by Ursula Kampmann
February 28, 2013 – On February 1, 2013 Hubert Lanz received the World Money Fair Award for his numismatic merits. Rarely a single person has done more for coin collecting in Germany and Europe.
There are not many people who have influenced the numismatic market as much as Hubert Lanz did. He was born in 1943 the son of Dr Hermann Lanz, a passionate coin collector who founded the famous auction house Lanz in the Austrian city of Graz. Hubert Lanz, however, chose numismatics only after a university degree in engineering. In 1978 he took over the Munich-based auction house Gitta Kastner which was to become an integral part of Munich’s numismatic scene under the name of Numismatik Lanz.
Hubert Lanz has held many important auctions. Just remember the really fabulous Leo Benz collection of Roman coins – they even had to split it up into three parts. Additionally the first part of the BCD Collection, the coins of Corinth, was sold here, followed by the coins of Euboia one year later. Equally unforgotten remains the Cavaliere L. collection of coins of Salzburg. And these are only some of the nearly 150 auction catalogues until today. The last one presented, in December, the Friedinger-Pranter collection.
The knowledge of Hubert Lanz on the field of numismatics is undisputed anyway. But the title of ‘publicly appointed and sworn expert’ adds some official touch to this knowledge.
But, alas, it would be inadequate to speak about Hubert Lanz only as a coin dealer. Over and over again he would publicly take up the cudgels for all coin collectors in his various positions. Ministries stand in awe of him and certain decisions were questioned again or even reconsidered at his massive instigation. Hubert Lanz is an active member of the International Association of Professional Numismatists. Additionally, for many years he was president of the prestigious Association of the German coin dealers (Verband der deutschen Münzenhändler). In this position he was decisive in founding the FENAP, the Federation of European Numismatic Trade Associations. Today he is FENAP’s president and in this function he always stands up for the interests of collectors and dealers.
Hubert Lanz is not a convenient fellow. I remember very well the situation when I took part for the very first time in the general meeting of the Swiss Numismatic Association. A couple of months before its board had recommended in a legislative process by consultation to adopt the Unidroit convention in Switzerland. Hubert Lanz came only to this meeting for fighting that idea. He stood up and pointed to the board members’ duty to act exclusively in the interest of the association members, and hence primarily of collectors.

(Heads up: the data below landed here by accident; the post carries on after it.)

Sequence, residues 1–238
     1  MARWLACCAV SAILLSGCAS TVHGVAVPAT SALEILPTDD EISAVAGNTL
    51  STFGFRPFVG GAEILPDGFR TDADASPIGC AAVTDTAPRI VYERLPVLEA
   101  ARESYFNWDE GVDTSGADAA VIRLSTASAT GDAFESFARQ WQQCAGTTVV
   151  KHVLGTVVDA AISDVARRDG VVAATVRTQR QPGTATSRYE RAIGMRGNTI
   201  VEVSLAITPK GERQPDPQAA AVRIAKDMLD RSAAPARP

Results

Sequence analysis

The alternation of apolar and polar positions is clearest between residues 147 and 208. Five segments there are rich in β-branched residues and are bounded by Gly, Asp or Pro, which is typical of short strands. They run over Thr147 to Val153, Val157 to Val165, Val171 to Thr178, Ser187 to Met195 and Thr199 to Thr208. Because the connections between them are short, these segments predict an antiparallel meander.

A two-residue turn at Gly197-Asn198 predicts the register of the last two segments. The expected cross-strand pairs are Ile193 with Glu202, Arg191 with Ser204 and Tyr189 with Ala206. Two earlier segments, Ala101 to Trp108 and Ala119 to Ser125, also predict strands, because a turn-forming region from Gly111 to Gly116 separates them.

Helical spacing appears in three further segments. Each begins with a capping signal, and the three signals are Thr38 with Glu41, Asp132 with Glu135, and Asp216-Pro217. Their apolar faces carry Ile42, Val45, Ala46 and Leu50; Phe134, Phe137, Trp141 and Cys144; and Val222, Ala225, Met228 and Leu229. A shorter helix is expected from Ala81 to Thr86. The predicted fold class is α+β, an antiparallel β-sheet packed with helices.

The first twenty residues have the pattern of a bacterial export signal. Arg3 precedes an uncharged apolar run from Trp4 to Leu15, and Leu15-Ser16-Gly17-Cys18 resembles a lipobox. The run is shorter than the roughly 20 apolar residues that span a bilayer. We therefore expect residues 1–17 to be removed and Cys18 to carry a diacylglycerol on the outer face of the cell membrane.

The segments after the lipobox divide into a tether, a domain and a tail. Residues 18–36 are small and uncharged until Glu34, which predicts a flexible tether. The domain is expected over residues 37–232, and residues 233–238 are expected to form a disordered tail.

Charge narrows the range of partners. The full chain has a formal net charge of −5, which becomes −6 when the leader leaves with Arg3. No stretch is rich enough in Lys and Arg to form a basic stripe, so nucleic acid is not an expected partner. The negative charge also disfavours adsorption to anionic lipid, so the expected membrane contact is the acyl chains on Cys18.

Hubert Lanz has claimed this duty over and over again. He is acting restlessly in the legal and political fields in order to inform people who are becoming more and more hostile towards collectors giving correct information and propagating the free goods traffic in the European Union. He appears in TV shows and delivers interviews to journalists even when they are prejudiced, in order to stand up for the point of view of collectors and dealers. The numismatic world needs more people like him who put their working power so unconditionally into the community’s service.
Another aspect, though, is much less known: Dr Hubert Lanz has been also a pioneer in the field of modern technology and selling coins. He is one of the initiators of Sixbid, which has become today one of the biggest platforms for coin auctions. He himself is very much involved in e-commerce. Ebay ranks him as Top Rated Seller who has sold currently over 300,000 items.
Thanks to all these activities Hubert Lanz offers to many young numismatists the opportunity to make their first experience in his office. Thus he has become the ‘doyen’ of many young numismatists who have founded their own firms after training in his company.
There are not many people who might have merited the World Money Fair Award more than Hubert Lanz. Because there are not many who have done more for the numismatic community.